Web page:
Putting new guidelines into practice is easier said than done
Steven Goldstein, MD
New York University Medical Center
Is the Pap test still necessary for every woman, every year? No, according to the latest guidelines, but old habits die hard, even for physicians.
And there is little doubt that yearly screening, though not scientifically based, has contributed much to the reduction of cervical cancer incidence and mortality in American women. Our patients and we as providers have long considered a Pap test the cornerstone of the annual gynecologic exam, as we’ve been urged to do for decades by our leading academic institutions. However, the American College of Obstetricians and Gynecologists (ACOG) and the American Cancer Society (ACS) revised their guidelines last year, and no longer support yearly screening for every woman, every year.1,2 The US Preventive Services Task Force (USPSTF) revised its guidelines in accord, with the exception that it found the evidence insufficient to support screening low-risk women more often than every 3 years, at any age.3
Original rationale: “Pap smear prompt”
These organizations, as well as the National Cancer Institutes (NCI), had supported annual Pap testing since the mid-1950s—long before any data suggested whether one screening interval might be better than another.
In fact, part of the original rationale for annual screening was that it would serve as a vehicle to bring women in for their annual gynecologic exam.4
Frequent screening would detect exceedingly few additional cancers, at an exceedingly high cost
We can confidently counsel patients
A previously well-screened woman over age 30 who has no history of dysplasia has an exceedingly small risk of cervical cancer, whether her next Pap test is 1, 2, or 3 years after her last.
How many cancers will we miss?
Miller MG, Sung HY, Sawaya GF, Kearney KA, Kinney W, Hiatt RA. Screening interval and risk of invasive squamous cell cervical cancer. Obstet Gynecol. 2003;101:29-37.
This matched case-control study assessed the odds of being diagnosed with squamous cell cervical cancer when a Pap test is performed 2 or 3 years versus 1 year after a normal Pap. Data from the Kaiser Permanente Medical Care Program in Northern California was used to identify 482 women who were diagnosed with invasive squamous cell cervical cancer between 1983 and 1995, and to compare each woman with 2 control individuals matched for age, race/ethnicity, and length of program membership. An intact cervix and no prior cervical, uterine, or vaginal cancer were required. A woman who had a Pap test within 18 months of her last negative test was half as likely to have invasive cancer as a woman who waited 3 years (31 to 42 months).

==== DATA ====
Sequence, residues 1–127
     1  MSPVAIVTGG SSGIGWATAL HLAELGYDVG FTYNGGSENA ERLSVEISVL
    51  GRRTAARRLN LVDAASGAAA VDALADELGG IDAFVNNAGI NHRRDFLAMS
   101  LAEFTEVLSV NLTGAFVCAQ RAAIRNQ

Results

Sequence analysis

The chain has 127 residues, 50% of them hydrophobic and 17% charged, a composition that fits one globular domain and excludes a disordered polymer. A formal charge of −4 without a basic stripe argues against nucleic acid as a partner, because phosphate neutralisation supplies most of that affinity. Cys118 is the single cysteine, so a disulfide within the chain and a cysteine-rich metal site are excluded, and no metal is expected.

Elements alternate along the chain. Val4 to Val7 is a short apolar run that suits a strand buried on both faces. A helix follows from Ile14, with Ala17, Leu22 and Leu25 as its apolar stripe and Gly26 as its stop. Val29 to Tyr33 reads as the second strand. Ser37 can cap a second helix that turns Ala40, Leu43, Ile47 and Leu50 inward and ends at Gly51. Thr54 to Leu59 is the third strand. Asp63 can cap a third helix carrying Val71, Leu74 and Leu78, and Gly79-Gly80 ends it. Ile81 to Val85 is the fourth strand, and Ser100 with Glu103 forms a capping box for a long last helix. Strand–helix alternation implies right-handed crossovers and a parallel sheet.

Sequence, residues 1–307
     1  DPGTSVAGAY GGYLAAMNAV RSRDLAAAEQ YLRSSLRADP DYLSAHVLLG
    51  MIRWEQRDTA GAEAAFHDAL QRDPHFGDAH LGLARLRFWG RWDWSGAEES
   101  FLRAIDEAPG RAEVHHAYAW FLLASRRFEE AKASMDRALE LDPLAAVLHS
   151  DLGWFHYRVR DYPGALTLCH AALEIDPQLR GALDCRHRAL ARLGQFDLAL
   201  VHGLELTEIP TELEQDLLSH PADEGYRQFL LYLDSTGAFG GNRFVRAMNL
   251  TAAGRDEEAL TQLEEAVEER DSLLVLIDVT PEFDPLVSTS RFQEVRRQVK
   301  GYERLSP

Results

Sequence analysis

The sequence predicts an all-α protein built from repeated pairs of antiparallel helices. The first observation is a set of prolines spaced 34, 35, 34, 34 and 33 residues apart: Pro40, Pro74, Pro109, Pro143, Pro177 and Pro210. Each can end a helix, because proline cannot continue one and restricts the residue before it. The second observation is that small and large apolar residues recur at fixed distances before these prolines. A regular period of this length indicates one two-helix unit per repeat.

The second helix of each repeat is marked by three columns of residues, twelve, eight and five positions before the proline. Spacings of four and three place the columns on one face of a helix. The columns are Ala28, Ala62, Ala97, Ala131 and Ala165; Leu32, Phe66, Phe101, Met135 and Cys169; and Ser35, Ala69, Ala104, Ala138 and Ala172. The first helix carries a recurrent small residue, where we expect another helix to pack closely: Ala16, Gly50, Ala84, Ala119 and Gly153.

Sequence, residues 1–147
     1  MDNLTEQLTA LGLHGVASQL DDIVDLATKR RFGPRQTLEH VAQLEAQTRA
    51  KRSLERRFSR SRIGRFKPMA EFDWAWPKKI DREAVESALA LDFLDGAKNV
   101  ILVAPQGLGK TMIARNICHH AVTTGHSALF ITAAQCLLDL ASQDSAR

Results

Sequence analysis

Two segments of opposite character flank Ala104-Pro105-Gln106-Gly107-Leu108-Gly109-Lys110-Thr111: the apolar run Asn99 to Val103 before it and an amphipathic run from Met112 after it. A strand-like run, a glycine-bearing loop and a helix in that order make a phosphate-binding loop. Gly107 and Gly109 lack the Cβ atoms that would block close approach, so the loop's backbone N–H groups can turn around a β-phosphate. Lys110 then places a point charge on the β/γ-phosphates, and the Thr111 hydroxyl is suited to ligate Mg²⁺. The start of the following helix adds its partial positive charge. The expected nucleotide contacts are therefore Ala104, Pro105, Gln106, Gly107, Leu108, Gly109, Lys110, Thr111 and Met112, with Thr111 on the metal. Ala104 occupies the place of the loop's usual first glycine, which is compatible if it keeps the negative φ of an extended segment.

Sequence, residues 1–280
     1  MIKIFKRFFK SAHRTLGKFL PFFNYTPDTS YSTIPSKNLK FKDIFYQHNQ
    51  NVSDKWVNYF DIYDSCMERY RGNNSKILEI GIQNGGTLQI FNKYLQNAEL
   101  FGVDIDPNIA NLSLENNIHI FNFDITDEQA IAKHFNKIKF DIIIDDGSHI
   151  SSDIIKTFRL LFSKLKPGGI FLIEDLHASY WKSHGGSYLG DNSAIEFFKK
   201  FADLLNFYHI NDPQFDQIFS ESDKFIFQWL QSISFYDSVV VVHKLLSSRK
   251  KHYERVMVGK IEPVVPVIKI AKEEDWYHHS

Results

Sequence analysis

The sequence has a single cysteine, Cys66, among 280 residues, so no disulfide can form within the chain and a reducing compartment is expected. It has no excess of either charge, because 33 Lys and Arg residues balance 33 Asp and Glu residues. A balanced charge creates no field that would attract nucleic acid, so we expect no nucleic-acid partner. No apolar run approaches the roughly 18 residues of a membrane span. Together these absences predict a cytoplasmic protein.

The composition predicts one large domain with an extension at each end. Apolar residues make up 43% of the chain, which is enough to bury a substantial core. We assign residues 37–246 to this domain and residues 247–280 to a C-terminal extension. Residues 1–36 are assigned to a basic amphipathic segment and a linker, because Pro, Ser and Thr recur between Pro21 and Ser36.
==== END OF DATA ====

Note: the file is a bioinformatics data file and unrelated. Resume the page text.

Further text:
The odds ratios for invasive cancer diagnosed by screening at 1, 2, or 3 years were 1.00, 1.72, and 2.06, respectively. The differences between intervals of 2 or 3 years versus 1 year were significant. The odds ratios increased to 2.15 and 3.60, respectively, in women with at least 2 consecutive negative Pap tests prior to diagnosis.
In all analyses, the odds ratios continued to increase as screening intervals were prolonged beyond 3 years.
Increased relative risk and very small absolute risk. The new ACOG and ACS guidelines recommend extending the screening interval only for women over 30 who have been well screened over the previous decade. This study does not break down the relative risks by age, nor does the sample size allow assessment of the risks for women with more than 2 consecutive negative Paps.
The authors note that the age-adjusted incidence of invasive cervical cancer among all Northern California Kaiser Permanente members is only 6.2 per 100,000 women. In this well-screened population, even doubling the relative risk leaves a very small absolute risk of cervical cancer.
How many fruitless interventions?
Sawaya GF, McConnell KJ, Kulasingam SL, et al. Risk of cervical cancer associated with extending the interval between cervical-cancer screenings. N Engl J Med. 2003;349:1501-1509.
If screening were done annually rather than every 3 years, how many additional tests would be needed to diagnose each additional cancer expected to be found? To find out, Sawaya et al applied data from the National Breast and Cervical Cancer Early Detection Program to a Markov model. They studied 32,230 women with 3 successive negative Pap tests, each no more than 36 months apart.
They predicted that, in a theoretical cohort of 100,000 women who had at least 3 consecutive negative Pap tests, screening at 1-year rather than 3-year intervals would uncover 3 additional cancers in women aged 30 to 44, a single additional cancer in women aged 45 to 59, and no additional cancers for women 60 to 64 years of age.
They calculated that, for this theoretical cohort of 100,000 women:
- To find all 3 additional cancers in the 30- to 44-year-old group would require 69,665 Pap tests and 3,861 colposcopies.
- To find the only additional cancer in the 45- to 59-year-old group would require 209,324 Pap tests and 11,502 colposcopies.
As with all modeling studies, Sawaya’s analysis is limited by the assumptions introduced into the model.
- perfect compliance on the part of this cohort of hypothetical patients,
- use of conventional Pap tests only, and
- uniform sensitivity and specificity.